It’s a massive 18” by 12”, with 1.75” in thickness alone, so this option is ideal for those who want or need that extra room when chopping produce.
Made with natural and eco-friendly American Cherry Wood, the Boos Butcher Block requires oiling every month or so, or more often in dry climates or if used heavily.
As you’ve no doubt worked out by now, this board is an expensive one hence why it’s slid down in our rankings. We don’t see why any old cutting board maintenance oil wouldn’t suffice, if it’s the repeat purchases that are a deal breaker.
Even still its an expensive board for those who are serious about their meal preparation, if you are one such person this butcher’s block will serve you well.
Best Cutting Board For Meats - Buyers Guide
Materials that cutting boards are made from
Raw meat is full of harmful bacteria so using a board that’s easy to properly clean and will be able to repel these bacteria in the long term is imperative. It’s also good if they don’t make knives dull.
These two things can depend on the material that the board is made of. Boards can be made from:
- End grain
Those have been ordered in a very general approximation of which is better suited to cutting board construction, since each have their advantages and disadvantages.
Composite is lauded for its durability and ease of cleaning due to it being able to go into the dishwasher whereas the more porous end grain wood and bamboo boast antibacterial qualities that help them and has given them a reputation for being more sanitary.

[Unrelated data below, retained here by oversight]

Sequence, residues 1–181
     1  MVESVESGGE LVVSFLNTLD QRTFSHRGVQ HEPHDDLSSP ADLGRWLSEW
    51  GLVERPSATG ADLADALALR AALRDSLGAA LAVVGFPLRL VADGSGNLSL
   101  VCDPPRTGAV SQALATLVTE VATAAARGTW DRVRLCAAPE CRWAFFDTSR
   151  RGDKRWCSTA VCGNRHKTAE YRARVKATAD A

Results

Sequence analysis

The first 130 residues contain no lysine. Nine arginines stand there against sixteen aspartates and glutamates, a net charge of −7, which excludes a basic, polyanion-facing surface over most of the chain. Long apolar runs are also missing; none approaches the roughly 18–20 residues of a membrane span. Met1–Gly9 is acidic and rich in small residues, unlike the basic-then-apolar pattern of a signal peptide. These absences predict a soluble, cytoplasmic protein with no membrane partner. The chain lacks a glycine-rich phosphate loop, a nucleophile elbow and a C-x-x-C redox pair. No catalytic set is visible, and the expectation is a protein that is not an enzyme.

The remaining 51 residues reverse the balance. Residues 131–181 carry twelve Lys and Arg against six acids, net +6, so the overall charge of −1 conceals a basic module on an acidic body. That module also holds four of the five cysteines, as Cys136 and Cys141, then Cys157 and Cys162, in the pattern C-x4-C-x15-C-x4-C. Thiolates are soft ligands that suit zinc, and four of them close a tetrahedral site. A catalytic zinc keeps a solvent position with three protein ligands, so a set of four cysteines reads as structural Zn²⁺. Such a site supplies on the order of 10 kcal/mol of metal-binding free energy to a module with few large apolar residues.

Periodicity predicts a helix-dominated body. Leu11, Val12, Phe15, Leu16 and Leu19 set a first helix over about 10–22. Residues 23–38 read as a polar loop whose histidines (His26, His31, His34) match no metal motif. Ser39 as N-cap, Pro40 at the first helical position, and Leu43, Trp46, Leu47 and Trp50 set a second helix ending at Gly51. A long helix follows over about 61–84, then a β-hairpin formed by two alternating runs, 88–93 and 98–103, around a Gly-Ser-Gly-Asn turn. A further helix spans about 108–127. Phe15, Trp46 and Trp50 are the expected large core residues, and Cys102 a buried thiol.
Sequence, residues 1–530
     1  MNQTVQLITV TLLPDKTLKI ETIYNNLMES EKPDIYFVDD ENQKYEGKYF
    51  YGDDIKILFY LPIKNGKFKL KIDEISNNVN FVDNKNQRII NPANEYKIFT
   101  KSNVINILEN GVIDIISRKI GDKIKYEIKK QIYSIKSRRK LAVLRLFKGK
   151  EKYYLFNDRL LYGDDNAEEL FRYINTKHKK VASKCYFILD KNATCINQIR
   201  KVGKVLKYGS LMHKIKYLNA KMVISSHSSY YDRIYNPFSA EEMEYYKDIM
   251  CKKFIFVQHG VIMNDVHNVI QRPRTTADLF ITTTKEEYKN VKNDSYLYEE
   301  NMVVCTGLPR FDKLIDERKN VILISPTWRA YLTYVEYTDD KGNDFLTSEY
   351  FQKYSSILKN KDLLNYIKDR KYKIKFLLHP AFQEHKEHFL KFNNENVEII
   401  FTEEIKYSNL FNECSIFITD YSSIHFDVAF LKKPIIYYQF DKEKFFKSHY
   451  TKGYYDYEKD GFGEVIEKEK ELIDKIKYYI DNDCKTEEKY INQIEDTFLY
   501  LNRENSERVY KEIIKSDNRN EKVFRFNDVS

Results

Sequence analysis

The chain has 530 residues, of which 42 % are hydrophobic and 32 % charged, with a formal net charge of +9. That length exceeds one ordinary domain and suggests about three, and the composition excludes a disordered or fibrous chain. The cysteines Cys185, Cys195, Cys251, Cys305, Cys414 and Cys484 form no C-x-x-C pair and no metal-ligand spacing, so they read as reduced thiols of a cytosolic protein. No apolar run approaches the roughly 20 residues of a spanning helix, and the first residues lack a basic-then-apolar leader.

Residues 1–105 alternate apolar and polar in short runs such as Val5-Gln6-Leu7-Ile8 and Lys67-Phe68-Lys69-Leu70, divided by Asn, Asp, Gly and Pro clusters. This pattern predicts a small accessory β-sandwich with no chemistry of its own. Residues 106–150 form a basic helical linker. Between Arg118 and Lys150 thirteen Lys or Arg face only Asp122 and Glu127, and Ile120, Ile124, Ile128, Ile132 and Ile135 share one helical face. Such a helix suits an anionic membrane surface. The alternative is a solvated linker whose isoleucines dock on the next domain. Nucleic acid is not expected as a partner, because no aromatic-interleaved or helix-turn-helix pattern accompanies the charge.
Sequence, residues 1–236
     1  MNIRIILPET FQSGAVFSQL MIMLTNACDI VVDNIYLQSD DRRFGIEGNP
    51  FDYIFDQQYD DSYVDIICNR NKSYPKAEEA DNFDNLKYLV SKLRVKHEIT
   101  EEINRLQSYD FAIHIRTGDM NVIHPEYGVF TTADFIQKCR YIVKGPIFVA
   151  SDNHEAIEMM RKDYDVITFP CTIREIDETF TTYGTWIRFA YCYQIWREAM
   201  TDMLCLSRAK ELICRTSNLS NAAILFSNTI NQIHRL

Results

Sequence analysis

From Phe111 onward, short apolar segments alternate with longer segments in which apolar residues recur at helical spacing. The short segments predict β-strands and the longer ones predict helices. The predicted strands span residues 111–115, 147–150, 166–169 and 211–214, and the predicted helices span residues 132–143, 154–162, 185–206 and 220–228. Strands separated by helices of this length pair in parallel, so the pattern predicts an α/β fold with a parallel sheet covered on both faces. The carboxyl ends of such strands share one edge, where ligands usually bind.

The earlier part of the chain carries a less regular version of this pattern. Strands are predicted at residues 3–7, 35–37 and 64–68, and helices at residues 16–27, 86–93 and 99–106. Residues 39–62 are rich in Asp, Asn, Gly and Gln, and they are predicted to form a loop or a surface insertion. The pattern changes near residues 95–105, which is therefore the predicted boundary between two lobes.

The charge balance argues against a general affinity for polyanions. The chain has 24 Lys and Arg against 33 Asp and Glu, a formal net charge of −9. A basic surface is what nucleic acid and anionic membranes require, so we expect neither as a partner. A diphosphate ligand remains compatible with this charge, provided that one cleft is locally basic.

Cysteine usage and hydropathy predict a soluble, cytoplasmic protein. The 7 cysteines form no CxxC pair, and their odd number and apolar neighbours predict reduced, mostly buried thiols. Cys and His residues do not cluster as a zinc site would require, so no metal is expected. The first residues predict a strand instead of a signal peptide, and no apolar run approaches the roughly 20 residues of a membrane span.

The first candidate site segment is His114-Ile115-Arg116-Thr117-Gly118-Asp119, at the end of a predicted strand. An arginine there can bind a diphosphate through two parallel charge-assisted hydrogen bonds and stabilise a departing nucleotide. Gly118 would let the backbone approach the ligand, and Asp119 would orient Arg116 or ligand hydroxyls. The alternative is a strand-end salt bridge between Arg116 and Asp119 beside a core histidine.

Glass is at the bottom because, you know, glass. Joking aside, glass cutting boards can and will dull your blade prematurely and for all of the promising that they’re break-resistant it can still happen quite easily.
Cutting board maintenance and cleaning
When it comes to maintaining and cleaning your cutting board, there’s two main groups with their own method of cleaning. These are generally either wooden or plastic. Using warm, soapy water is obviously a must.
Preferably the soap is mild, and after you rinse be sure to dry immediately. If you’re in need of some stronger sanitization after working with a lot of particularly raw meat, then you can mix one tablespoon of chlorine-based bleach into a gallon of water and pour it over the cutting boards.
They should be fine for rinsing a few minutes after that and, don’t worry, chlorine bleach has no ill-effects if used to the right ratio so that it dilutes into the water.
If your cutting board is wooden (or bamboo, technically that’s grass but for the purpose of maintenance its identical to wood) then you’ll probably be applying mineral oil to your board’s surface every two weeks to a month depending on how often its used and how dry the climate is where you live.
As for the actual washing of the boards, firstly you should never, ever put a wooden or bamboo cutting board into a dishwasher.
Preferably you shouldn’t put any cutting board in the dishwasher since warping is always a risk, wooden or plastic, but plastic cutting boards are more durable than wooden in that regard.
If you do place plastic cutting boards in the dishwasher, be sure to take them out before or not long into the drying cycle as the heat is what will warp them, if anything.